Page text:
If you have read my recent ramblings, you will know I have been mulling over what I should do with the Ephesians 6 'gospel armour' passage. After a re-write, I think I now have an acceptable sermon - though I can see all the holes in it and the vast omissions/assumptions that are needed if anyone is going to deal with it in 20 mins.
As I pondered the images of the Roman soldier and the Aaronic priest I found myself wondering what might be contemporary parallels and realised that what is being described (in Ephesians anyway) is tantamount to what is nowadays called 'Personal Protective Equipment' or PPE. In my industry days it was hard hats & toe-tectors (shoes with steel toe caps), for police officers it is stab vests and perhaps riot shields, for medics its gloves, gowns and masks - the list was endless.
I suppose I was struck by how much is, in principle the same as for the Roman soldier - no loose, flapping clothes, vital organs covered, sensible shoes and head covering. In many roles there are equivalents to the shield - even if it is as much about distance as a physcial barrier and all have something akin to a sword if you define this as the item needed to take action to complete the task - a surgeon's scalpel, a tree surgeon's chain saw, a mechanic's spanner (engineers do NOT mend cars or washing machines!), even a cook's rolling pin?!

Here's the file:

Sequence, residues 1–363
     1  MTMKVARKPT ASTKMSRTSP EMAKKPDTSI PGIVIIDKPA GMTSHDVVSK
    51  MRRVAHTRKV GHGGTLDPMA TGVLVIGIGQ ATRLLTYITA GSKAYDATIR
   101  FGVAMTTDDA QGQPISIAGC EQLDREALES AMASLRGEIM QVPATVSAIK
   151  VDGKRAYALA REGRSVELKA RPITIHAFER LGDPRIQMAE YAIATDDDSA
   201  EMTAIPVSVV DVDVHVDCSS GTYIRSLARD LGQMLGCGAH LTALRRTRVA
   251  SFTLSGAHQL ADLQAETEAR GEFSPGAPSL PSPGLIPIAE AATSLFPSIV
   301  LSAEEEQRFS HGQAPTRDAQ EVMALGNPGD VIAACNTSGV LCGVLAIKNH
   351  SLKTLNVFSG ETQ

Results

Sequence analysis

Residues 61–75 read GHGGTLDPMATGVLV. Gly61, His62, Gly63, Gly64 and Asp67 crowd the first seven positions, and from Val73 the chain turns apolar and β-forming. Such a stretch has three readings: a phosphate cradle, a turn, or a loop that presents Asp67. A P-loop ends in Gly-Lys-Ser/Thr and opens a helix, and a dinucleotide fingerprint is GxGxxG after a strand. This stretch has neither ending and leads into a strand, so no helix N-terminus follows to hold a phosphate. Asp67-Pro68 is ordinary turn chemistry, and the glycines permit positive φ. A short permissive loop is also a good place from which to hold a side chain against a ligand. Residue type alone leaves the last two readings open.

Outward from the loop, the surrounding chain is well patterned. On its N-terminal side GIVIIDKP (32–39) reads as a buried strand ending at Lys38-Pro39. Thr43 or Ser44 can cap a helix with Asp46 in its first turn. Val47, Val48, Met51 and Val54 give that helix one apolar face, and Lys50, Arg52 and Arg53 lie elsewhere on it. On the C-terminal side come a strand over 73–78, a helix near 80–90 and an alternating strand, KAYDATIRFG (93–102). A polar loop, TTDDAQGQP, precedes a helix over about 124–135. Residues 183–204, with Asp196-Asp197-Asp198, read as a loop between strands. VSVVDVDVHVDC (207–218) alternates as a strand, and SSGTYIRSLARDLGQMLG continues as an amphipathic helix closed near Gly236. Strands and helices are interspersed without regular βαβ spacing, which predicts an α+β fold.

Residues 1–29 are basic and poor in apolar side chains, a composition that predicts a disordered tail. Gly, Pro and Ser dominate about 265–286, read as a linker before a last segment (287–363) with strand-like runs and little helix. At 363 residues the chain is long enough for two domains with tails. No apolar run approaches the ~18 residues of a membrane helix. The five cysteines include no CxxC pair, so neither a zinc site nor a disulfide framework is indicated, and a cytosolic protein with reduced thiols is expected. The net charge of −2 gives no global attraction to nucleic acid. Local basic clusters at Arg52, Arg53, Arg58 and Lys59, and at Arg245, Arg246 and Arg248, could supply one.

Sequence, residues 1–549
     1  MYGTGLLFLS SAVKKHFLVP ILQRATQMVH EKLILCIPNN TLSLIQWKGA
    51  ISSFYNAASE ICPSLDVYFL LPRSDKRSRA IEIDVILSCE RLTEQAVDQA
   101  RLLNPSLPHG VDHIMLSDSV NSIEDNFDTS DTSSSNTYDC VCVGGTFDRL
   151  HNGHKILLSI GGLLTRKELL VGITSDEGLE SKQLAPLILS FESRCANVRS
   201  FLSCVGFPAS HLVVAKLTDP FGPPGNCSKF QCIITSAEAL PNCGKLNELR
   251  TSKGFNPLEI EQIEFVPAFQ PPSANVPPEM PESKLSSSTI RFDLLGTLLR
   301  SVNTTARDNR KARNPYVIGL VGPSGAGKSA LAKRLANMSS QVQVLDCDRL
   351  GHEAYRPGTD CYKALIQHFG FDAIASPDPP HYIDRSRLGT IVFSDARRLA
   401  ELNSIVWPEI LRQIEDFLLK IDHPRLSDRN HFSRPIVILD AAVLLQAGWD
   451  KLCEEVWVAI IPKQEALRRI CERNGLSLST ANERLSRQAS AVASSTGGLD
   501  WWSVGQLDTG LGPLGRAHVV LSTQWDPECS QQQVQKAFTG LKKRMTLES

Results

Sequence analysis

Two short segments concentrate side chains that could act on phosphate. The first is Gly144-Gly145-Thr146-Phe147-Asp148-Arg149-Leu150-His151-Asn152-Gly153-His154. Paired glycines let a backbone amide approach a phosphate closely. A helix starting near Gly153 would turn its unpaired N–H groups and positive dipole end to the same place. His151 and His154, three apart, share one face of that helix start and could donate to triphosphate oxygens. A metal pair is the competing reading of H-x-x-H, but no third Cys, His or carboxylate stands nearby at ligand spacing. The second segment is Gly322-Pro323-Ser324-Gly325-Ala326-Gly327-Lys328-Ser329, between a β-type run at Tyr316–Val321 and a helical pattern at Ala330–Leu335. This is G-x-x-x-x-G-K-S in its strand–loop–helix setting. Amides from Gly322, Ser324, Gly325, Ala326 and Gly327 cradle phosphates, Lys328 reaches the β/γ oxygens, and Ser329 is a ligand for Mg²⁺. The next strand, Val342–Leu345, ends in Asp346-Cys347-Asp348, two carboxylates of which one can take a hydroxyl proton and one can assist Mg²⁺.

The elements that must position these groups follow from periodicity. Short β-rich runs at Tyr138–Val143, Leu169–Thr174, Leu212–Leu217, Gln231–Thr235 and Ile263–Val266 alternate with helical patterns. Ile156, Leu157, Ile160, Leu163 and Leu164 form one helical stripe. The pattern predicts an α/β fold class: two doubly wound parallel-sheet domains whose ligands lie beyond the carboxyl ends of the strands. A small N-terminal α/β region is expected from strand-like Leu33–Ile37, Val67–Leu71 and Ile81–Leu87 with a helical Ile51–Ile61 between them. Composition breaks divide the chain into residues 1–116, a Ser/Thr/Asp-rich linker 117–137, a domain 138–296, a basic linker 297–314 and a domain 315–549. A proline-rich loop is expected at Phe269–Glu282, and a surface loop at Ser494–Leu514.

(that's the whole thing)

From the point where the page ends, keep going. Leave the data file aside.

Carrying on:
OK so none of these civilian roles quite fits the idea of the spiritual battle in Ephesians 6 (except perhaps a police officer in riot gear) but it was fun looking for parallels and wondering just what might be an appropriate, 21st century image. 'Put on the toque of salvation' or 'the clogs of the gospel of peace' doesn't quite have the same ring as the original (to say nothing of the 'foundation garments of truth'!!!) but I can't help wondering if by relating the 'armour' to the PPE of real life occupations, there is potential to make the whole thing more relevant to people who seek to address the issues and evils they perceive in their very much contemporary, earthly, lives.